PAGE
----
Sophie Ronodipuro visits the MAC for Jim Holyoak and Matt Shane’s collaborative and immersive exhibition space

Written by Sophie Ronodipuro

‘The Hills Are Shadows’, which takes its title from Tennyson’s ‘In Memoriam’, is a collaboration between Canadian artists Jim Holyoak and Matt Shane at the Midlands Art Centre. This exhibition marks the 20th time these two artists have worked together, and their latest project is a testament to what looks to be their seamless working relationship and artistic style. 

When you first enter the large space, you’ll feel almost overwhelmed but in the best way possible. The walls are covered with expansive murals that tower over you. From floor to ceiling, Holyoak and Shane have used ink, graphite, dye and watercolour to depict a rich surrealist landscape that most people could only imagine in their wildest dreams. Maybe not even then. Two of these pieces are complete: ‘Quagmire’ and ‘The Who’s Haunts’, both of which were completed over several months in Quebec. 

The walls are covered with expansive murals that tower over you

Both works may at first glance appear to be a hurricane of tree’s, roots, buildings, and strange creatures crashing together to form a twisted landscape. But the beauty is in the details. The two artists frequently fit in their own little ‘Easter eggs’ into their pieces, ones which you would barely notice unless you look really carefully. Some examples include tiny drawings of their favourite books, or even something as random as ‘The Complete Guide To Handsoap’ on shelves. ‘Quagmire’ also features a very interesting piece of landscape that at first may seem like a mesh of trees and mountains but when viewed from afar transforms into a massive beached whale. It’s things like these which makes viewing their work an almost interactive experience.

Image provided by the Midlands Art Centre, depicting a section the artists work                            

The exhibition also includes several smaller works such as ‘Nodosaur’ and ‘Shipwreck’, which resemble the other two larger pieces in terms of their portrayal of dreamlike landscapes but just compressed into smaller scales. Interestingly, they’ve also included a collection of comics and doodles titled ‘When We Grow Up’. This collection feels like a whimsical break from the almost mind-blowing experience of the larger pieces, a breath of fresh air if you will.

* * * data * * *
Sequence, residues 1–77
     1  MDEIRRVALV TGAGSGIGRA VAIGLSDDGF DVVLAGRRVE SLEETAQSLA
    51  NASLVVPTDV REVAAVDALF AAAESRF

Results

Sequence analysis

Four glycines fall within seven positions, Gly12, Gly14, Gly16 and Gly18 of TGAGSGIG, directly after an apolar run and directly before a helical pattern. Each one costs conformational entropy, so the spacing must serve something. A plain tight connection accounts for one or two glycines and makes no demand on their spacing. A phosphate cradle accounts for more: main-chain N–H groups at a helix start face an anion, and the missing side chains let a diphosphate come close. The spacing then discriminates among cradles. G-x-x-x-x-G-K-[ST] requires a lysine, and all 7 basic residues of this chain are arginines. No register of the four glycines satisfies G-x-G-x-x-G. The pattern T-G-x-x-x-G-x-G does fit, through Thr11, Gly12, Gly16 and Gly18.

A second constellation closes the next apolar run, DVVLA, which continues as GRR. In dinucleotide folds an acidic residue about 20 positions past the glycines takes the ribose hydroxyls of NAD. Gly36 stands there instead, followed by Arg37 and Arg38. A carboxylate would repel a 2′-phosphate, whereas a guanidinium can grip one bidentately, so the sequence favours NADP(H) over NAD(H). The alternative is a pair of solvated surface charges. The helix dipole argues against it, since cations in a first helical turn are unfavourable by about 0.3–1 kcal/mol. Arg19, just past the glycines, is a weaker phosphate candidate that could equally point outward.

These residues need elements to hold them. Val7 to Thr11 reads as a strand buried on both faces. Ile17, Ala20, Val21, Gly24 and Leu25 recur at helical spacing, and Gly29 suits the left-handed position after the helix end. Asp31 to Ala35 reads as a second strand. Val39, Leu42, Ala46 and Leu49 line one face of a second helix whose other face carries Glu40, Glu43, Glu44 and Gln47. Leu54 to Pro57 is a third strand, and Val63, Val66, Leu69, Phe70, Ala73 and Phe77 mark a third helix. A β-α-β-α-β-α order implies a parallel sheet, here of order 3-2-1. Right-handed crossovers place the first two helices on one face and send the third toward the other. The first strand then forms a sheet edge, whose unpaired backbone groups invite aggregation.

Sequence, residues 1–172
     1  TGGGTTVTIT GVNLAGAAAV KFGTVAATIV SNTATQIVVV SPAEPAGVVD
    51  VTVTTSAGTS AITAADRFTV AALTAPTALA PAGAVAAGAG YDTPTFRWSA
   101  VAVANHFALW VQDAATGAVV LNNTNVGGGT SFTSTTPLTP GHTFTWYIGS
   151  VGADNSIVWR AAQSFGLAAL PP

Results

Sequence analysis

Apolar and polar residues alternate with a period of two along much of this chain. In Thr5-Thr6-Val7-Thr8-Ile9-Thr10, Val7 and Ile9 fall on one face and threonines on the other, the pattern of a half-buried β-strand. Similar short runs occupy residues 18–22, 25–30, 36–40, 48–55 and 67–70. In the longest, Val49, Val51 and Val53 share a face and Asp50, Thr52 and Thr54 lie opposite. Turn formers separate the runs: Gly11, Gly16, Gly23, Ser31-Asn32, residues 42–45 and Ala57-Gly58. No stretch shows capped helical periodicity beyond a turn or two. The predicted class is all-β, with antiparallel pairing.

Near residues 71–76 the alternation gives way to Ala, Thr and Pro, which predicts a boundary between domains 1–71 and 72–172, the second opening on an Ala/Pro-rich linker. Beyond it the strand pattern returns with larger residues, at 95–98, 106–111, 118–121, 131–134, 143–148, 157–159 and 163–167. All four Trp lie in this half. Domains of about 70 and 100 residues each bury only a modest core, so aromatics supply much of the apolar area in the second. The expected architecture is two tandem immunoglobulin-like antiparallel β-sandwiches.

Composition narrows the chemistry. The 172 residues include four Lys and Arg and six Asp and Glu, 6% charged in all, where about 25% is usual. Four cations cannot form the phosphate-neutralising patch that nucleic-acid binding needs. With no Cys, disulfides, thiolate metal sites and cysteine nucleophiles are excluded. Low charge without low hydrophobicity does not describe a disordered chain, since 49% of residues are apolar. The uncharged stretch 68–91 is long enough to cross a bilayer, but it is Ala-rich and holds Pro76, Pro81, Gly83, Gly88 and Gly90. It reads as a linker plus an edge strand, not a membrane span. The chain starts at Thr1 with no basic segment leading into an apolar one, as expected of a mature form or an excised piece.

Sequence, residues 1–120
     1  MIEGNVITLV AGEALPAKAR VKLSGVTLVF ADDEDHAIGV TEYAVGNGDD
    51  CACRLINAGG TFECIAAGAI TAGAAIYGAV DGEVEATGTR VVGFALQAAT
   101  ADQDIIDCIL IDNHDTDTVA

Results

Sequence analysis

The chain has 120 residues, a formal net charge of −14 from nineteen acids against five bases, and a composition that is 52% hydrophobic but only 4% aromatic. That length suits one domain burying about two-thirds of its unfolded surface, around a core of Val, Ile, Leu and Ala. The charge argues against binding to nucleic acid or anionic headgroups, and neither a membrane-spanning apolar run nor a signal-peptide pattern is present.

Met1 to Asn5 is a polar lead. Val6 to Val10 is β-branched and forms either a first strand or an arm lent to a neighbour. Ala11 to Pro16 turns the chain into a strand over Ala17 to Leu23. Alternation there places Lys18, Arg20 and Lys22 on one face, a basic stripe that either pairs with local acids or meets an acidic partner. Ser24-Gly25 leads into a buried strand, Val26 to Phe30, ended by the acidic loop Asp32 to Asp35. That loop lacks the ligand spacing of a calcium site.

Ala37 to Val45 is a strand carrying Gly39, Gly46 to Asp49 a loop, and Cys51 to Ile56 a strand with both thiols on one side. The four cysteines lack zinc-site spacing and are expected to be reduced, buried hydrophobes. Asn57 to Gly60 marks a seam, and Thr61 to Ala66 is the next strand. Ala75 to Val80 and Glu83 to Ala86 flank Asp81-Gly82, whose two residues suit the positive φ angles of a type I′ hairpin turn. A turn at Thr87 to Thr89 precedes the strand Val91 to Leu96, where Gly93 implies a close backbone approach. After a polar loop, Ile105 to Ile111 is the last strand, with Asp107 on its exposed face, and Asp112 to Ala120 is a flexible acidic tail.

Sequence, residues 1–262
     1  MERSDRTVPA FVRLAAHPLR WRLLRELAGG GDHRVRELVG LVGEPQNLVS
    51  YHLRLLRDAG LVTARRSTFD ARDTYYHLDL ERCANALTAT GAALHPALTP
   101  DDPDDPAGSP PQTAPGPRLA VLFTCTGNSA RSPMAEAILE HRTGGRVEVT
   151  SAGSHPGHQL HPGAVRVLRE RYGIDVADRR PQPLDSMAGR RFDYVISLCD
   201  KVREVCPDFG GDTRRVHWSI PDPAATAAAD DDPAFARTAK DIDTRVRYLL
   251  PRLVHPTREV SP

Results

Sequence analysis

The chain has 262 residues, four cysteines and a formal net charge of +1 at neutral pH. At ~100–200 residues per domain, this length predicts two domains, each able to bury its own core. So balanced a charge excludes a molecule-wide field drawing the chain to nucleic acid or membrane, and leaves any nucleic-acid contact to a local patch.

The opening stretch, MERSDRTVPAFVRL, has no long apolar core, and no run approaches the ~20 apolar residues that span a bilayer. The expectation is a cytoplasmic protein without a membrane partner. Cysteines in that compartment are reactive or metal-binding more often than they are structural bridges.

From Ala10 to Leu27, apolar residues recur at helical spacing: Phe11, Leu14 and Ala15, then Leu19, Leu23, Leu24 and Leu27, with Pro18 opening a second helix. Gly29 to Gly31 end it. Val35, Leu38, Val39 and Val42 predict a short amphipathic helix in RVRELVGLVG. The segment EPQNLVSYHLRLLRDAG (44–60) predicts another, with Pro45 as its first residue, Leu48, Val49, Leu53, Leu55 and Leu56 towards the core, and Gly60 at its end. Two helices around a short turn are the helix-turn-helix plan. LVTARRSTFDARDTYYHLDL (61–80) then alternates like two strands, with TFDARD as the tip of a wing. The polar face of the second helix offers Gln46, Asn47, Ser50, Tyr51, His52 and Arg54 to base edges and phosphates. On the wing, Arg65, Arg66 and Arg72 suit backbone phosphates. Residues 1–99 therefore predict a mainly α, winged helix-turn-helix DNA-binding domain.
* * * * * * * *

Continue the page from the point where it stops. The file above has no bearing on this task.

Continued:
But the main attraction in this exhibit is their current work-in-progress, ‘Shipworms of the Nodosaur’. This piece, which takes inspiration from ‘The Who’s Haunts’, was created on site at MAC during their residency in September and October. During the first five weeks of the exhibit, visitors were able to see Holyoak and Shane at work at select times. This again takes up a vast amount of floor to ceiling wall space and the ladder present is just another indicator of the physical work it takes to create such a large piece. Having its creation take place on site also adds another layer to the work, as not only is it just a piece of visual art but it also takes on a kind of performativity. 

A piece of visual art… it also takes on a kind of performativity

Yet having the piece made on site does have its downsides. It’s sparseness, empty spaces of white wall yet to be filled in by the two artists, stands out even more against the richness of the other already finished pieces. Some visitors may find their sense of being immersed in the other paintings almost vanishing as soon as they reach this unfinished piece. 

Despite this shortcoming, this exhibition is definitely a must-see for every kind of art lover. Artists always aim to transport their audience, so much so that even this intent has turned into somewhat of a cliché. But Holyoak and Shane have managed to create worlds upon worlds inside of one gallery room, thereby not only transporting us to these different worlds but perhaps even changing how we see our own.